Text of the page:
During today’s Leaders Summit on Climate, Prime Minister Justin Trudeau, announced that Canada will enhance emissions reduction target under the Paris Agreement – known as a Nationally Determined Contribution (NDC) – by 40-45 per cent below 2005 levels, by 2030. As a signatory to the Paris Agreement, Canada’s NDC reflects its highest possible ambition in light of its current national circumstances.

The virtual Leaders Summit on Climate, hosted by the President of the United States of America, Joe Biden, on April 22 and 23, is bringing  together leaders of the countries responsible for approximately 80 per cent of global emissions and global GDP.

Consistent with the Roadmap for a Renewed U.S.-Canada Partnership, Canada is committed to working with the United States to take action on the climate crisis, and to create jobs and economic opportunity for both countries.

In his address, Prime Minister Trudeau also highlighted the importance of working with other global leaders to tackle climate change, create growth, and improve the well-being of all people. Climate change knows no borders, so every country must do its part to invest in a cleaner world. Going forward, Canada will continue to work closely with the U.S. and other countries to reach ambitious climate goals, including through the Roadmap for a Renewed U.S.-Canada Partnership and the corresponding High Level Ministerial Dialogue on Climate Ambition.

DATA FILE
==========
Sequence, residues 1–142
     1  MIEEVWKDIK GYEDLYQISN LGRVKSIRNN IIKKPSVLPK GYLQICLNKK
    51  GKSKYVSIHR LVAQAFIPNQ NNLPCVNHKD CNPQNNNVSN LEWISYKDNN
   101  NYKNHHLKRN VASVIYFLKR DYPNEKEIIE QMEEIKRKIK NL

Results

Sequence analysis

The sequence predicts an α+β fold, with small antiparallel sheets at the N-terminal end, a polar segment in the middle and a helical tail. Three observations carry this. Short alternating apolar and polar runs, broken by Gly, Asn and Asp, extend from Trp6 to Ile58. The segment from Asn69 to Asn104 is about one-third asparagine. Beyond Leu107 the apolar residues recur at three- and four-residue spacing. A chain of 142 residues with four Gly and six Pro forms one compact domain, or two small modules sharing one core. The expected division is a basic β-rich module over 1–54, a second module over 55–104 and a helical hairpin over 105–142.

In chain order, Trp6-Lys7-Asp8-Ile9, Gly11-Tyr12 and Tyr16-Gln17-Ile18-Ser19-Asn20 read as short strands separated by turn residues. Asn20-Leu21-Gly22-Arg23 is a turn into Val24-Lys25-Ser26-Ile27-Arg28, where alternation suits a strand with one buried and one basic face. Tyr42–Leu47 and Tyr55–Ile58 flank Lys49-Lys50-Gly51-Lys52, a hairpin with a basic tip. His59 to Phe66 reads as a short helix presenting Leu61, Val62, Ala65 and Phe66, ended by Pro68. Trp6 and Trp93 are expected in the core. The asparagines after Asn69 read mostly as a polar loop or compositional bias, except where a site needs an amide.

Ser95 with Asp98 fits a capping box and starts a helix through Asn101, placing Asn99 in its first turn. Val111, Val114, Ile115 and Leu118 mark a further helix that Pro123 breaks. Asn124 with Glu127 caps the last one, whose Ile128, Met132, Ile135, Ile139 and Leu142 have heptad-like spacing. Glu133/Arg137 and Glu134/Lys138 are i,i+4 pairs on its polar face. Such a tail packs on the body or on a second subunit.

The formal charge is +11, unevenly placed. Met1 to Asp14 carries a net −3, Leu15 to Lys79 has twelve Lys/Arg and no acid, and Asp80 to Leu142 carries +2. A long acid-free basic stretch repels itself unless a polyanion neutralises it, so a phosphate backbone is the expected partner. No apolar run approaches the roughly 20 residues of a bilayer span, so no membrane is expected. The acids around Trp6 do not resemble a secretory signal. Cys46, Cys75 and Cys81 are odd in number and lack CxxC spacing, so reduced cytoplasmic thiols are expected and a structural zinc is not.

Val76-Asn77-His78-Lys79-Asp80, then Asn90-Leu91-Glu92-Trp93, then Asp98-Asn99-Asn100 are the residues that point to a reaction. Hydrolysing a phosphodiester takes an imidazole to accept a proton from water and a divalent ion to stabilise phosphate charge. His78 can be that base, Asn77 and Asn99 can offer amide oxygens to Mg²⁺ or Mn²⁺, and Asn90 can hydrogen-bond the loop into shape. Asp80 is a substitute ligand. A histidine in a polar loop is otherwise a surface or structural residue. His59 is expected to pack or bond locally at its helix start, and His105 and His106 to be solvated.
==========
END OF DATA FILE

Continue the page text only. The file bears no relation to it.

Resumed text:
“Canada understands that if you don’t have a plan to tackle climate change, then you don’t have a plan to create jobs and economic growth,” said Trudeau. “Canada is a committed partner in the global fight against climate change, and together we will build a cleaner and more prosperous future for all.”

Today’s announcement builds on the $53.6 billion that the government has invested since October to establish Canada’s green recovery for the COVID-19 pandemic, create jobs, and secure a cleaner future for everyone.  Budget 2021, announced this week, also builds on that approach, including through a new investment in Canada’s Net-Zero Accelerator that will incentivize Canadian business and industry to develop net-zero technologies, and build our clean industrial advantage.

Budget 2021 also includes new measures to make life more affordable and communities more livable, by helping more than 200,000 Canadians make their homes greener and working towards conserving 30 per cent of Canada’s lands and oceans by 2030. These new measures will help Canada exceed its Paris climate targets, reduce pollution, and help reach net-zero emissions by 2050.

“Canada’s Strengthened Climate Plan put us on track to not just meet but to exceed our 2030 emissions goal – but we were clearly aware that more must be done,” said Jonathan Wilkinson, Minister of Environment and Climate Change. “With time running out and with the global shift to a low-carbon economy turning into a sprint, Canadians have been calling for increased climate ambition.”

According to Wilkinson, Canada is among the countries at the Summit stepping up its commitment to reduce emissions and accelerate the benefits of clean energy, clean technology and clean growth.

Featured image: Prime Minister Justin Trudeau (right) and U.S. President Joe Biden during their first bilateral meeting (Photo via Twitter/@JustinTrudeau).

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